garden design dorset

Tough plants for tough winters

Tough plants for tough weather

Well - what a winter we’re having! We seem to have moved inexorably from flooding to storm winds to heavy snow and then back to more storms in a matter of weeks. Winters these days have never been more challenging, especially for gardeners.

So how do you pick reliable plants that are going to last from one year to the next? Of course its always worth remembering the golden adage ‘right plant right place’ and attempting to replicate a plant’s natural habitat will always stand you in good stead. But are there any contenders for seriously tough plants that’ll do you proud no matter what? Here are a few ideas.

I think top place for me has to go to box (Buxus sempervirens). Apart from the fact it’s a native, and has therefore evolved for millennia through countless harsh winters, I’ve never seen witnessed anything quite so indestructible (with the minor caveat of box blight of course).  Some time ago I removed a fairly mature box hedge a client had inherited but no longer wanted and stored some gifted to me at home. They still had balls of soil attached to the roots but I forgot about them and there they sat out of the ground, unattended right through the winter, often with entirely frozen root balls. It was 5 months before I got round to planting them and not one of them died. Box is a great plant to fill space in winter when little else is green. It is also superb in low winter sun creating dramatic shadows on lawns and terraces.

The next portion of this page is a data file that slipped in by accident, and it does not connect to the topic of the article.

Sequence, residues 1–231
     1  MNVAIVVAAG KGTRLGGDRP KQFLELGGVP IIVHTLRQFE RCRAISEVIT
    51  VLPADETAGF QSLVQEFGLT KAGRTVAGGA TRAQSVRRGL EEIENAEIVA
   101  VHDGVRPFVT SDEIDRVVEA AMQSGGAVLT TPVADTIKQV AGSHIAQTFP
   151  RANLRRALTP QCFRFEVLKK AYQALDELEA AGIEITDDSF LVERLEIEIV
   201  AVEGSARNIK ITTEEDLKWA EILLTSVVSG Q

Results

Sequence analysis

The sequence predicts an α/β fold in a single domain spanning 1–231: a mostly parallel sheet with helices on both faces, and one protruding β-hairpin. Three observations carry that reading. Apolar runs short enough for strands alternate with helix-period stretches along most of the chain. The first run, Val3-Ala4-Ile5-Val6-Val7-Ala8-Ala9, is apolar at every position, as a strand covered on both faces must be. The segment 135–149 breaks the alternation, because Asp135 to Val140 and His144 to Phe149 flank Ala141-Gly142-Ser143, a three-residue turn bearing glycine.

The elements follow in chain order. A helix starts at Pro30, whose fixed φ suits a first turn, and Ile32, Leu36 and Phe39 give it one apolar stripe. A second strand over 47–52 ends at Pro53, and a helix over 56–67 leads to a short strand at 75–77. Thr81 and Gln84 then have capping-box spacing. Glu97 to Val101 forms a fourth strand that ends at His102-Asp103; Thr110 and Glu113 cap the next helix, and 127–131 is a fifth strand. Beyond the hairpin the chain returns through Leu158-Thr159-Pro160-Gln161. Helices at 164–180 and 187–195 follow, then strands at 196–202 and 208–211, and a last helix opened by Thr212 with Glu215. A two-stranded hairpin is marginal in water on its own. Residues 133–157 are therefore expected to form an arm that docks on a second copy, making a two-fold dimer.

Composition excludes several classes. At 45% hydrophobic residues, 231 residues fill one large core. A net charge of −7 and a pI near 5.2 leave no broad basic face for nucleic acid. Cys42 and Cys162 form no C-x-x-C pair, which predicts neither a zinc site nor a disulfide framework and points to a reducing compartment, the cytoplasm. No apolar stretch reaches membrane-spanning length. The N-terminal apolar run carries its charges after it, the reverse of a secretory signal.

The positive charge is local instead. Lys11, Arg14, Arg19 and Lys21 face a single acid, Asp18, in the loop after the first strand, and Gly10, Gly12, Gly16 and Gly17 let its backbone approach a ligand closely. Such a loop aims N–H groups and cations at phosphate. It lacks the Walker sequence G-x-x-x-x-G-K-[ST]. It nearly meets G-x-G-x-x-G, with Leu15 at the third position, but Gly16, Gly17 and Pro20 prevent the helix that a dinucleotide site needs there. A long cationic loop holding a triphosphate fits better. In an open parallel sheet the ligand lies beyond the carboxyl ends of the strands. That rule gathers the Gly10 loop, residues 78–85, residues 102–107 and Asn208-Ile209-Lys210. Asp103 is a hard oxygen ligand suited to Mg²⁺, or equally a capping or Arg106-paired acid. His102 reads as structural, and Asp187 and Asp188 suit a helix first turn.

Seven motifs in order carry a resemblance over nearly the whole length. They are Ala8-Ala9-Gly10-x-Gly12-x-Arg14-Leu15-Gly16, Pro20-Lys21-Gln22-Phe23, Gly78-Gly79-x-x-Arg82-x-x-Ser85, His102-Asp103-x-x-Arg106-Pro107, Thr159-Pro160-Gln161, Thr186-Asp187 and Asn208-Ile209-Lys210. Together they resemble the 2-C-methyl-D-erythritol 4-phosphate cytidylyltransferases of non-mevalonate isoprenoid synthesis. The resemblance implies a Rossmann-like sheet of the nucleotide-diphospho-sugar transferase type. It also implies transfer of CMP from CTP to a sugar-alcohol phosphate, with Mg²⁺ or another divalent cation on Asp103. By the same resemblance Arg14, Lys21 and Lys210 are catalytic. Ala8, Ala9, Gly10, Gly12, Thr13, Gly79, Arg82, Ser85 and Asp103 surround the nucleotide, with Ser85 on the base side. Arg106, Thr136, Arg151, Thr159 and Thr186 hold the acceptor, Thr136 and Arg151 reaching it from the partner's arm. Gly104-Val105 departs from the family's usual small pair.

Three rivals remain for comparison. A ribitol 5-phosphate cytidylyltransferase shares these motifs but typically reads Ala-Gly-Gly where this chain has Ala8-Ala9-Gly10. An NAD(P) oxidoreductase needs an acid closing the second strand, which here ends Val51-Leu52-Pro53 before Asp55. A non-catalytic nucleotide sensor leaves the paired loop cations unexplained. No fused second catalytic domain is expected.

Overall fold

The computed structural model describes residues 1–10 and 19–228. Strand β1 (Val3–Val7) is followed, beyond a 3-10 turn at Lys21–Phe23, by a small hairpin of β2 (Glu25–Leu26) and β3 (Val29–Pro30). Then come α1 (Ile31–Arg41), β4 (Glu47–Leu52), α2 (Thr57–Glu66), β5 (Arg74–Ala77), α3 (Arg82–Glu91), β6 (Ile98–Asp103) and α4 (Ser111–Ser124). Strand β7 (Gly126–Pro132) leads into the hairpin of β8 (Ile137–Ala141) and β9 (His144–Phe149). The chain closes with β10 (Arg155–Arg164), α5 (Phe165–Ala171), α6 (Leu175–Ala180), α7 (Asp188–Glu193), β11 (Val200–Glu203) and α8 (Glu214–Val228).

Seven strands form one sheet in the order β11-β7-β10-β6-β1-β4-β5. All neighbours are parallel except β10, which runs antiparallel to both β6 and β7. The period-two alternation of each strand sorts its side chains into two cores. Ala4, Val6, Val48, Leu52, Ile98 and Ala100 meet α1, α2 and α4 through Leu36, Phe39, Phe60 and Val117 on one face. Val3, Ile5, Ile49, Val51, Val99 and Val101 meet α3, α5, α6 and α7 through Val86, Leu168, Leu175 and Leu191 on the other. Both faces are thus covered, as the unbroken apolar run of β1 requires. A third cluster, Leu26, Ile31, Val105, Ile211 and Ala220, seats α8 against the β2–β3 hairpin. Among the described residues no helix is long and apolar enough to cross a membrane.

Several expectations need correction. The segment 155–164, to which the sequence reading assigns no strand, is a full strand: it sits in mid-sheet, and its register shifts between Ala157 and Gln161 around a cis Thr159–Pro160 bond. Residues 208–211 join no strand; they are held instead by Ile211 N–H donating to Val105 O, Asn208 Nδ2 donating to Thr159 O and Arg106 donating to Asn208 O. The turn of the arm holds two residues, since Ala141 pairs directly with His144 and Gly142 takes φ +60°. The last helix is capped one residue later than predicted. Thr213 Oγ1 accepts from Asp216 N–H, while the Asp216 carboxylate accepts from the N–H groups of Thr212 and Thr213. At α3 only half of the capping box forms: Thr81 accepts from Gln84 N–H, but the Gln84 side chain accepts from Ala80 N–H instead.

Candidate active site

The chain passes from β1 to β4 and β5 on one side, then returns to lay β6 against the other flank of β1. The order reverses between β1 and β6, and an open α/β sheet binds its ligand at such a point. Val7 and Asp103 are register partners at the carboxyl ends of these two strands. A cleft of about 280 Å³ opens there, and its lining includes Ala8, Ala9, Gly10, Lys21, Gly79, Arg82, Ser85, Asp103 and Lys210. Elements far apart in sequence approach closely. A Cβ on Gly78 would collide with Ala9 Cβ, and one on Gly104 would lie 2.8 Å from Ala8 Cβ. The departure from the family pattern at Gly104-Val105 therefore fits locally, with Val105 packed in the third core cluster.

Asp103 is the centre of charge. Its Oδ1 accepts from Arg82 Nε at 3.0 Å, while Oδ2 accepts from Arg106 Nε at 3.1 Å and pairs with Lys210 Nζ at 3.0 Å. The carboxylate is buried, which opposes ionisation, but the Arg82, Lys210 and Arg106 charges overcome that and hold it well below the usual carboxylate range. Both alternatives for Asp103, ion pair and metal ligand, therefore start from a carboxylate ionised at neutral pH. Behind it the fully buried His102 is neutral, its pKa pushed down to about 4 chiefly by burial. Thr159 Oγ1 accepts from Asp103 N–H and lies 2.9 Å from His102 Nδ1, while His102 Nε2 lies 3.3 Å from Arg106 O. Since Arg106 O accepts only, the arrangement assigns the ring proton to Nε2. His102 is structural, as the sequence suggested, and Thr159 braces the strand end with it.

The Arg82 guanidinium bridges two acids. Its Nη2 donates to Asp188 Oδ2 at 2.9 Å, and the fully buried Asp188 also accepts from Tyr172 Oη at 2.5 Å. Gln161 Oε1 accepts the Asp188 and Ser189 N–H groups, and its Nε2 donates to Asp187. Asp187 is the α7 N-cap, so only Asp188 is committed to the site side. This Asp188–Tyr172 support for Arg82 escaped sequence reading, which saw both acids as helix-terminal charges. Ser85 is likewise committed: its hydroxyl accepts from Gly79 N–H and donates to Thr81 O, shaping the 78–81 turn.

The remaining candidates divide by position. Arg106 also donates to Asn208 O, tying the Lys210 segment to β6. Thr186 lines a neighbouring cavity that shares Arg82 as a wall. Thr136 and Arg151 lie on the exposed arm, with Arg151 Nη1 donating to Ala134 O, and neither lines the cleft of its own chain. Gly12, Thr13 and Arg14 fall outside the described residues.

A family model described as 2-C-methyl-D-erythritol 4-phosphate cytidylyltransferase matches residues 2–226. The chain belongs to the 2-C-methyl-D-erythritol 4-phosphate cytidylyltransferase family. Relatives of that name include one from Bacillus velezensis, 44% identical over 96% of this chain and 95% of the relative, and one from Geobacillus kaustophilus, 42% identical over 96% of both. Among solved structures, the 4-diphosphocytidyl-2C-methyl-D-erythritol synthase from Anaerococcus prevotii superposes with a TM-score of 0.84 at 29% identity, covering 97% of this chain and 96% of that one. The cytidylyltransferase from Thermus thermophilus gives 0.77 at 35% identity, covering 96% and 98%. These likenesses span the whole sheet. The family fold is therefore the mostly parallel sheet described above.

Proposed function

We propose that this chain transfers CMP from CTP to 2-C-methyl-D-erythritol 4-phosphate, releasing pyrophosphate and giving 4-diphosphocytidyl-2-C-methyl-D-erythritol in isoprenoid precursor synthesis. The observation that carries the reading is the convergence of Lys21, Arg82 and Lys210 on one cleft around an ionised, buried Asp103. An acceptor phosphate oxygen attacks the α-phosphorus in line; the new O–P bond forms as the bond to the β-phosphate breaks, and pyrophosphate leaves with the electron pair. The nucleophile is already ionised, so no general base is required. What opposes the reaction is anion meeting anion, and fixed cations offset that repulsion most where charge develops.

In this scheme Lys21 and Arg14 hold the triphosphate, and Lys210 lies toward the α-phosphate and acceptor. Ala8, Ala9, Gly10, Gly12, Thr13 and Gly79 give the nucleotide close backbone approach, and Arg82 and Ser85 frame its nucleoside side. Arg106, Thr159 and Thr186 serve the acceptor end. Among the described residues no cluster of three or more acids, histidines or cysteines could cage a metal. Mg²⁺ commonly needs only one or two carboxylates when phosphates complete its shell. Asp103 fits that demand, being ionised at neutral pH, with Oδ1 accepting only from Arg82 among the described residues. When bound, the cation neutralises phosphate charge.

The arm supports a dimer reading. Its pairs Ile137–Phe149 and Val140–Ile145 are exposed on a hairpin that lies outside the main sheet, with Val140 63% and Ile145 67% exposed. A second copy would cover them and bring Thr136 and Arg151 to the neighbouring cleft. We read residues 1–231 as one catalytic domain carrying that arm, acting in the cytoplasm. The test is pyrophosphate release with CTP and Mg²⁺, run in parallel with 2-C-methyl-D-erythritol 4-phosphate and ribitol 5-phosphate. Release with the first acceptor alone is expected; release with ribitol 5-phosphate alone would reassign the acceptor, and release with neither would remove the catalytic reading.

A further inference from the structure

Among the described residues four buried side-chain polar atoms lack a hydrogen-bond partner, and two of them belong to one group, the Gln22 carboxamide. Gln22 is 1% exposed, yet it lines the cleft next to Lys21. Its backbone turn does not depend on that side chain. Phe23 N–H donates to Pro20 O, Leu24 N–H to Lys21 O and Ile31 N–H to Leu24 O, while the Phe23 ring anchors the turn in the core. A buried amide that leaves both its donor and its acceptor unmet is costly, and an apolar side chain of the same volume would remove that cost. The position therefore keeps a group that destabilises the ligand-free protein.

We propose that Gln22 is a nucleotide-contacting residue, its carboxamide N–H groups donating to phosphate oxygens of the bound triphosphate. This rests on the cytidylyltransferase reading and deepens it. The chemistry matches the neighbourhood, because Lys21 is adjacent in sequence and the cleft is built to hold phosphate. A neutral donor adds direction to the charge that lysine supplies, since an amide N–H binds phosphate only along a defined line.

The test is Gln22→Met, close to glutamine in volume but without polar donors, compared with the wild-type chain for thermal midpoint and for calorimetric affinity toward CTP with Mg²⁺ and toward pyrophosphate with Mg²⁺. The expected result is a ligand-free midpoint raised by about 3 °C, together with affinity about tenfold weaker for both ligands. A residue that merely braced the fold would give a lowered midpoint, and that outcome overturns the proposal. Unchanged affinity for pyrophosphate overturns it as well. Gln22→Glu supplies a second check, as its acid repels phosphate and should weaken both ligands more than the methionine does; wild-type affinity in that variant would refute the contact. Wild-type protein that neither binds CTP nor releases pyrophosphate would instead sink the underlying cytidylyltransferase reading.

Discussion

Apart form native plants one can look to harsh conditions in other countries for a source of inspiration. Echinacea purpurea (coneflower), whose seeds have been used for medicinal purposes for years, grows wild on the huge prairies of North America which are battered by extremes of weather. But once established in a British border Echinacea can survive happily in moist, normal or even dry soil, in sun or partial shade, and it’s tough as old boots when it comes to the cold.  These days there are a wide assortment of colours to choose from based on the original dusky pink including pure white, rusty orange and creamy yellow.

Some plants have proved surprisingly tough in our climate despite their origins. One such plant is Erigeron karvinskianus which is native to Mexico hence its common name Mexican fleabane. It’s often used to fill cracks in dry-stone walls or tumble through gaps in paving, needing very little in the way of nutrients to survive. Yet it still offers evergreen foliage and hundreds of small daisy flowers from June through to November even when planted in my conditioned clay soil.  For me it looks best planted en masse and can be used as effective groundcover to create a simple base or platform beneath a structural focal point plant such as a multi-stem shrub.

Another tough ground cover plant is Campanula poscharskyana (trailing bellflower is a lot easier to say) which will grow up and into walls and crevices and will produce a profusion of small violet blow flowers for months on end without any bother. It’ll take a fairly wide of soil conditions and grow in full sun right through to fairly full on shade. But be a little careful – it can become invasive as it spreads by underground runners.

So my message today is be bold and fear not – there are plants out there tough enough to provide all of us with the welcome reassurance that winters always make way in the end to spring and summer.

campanula posch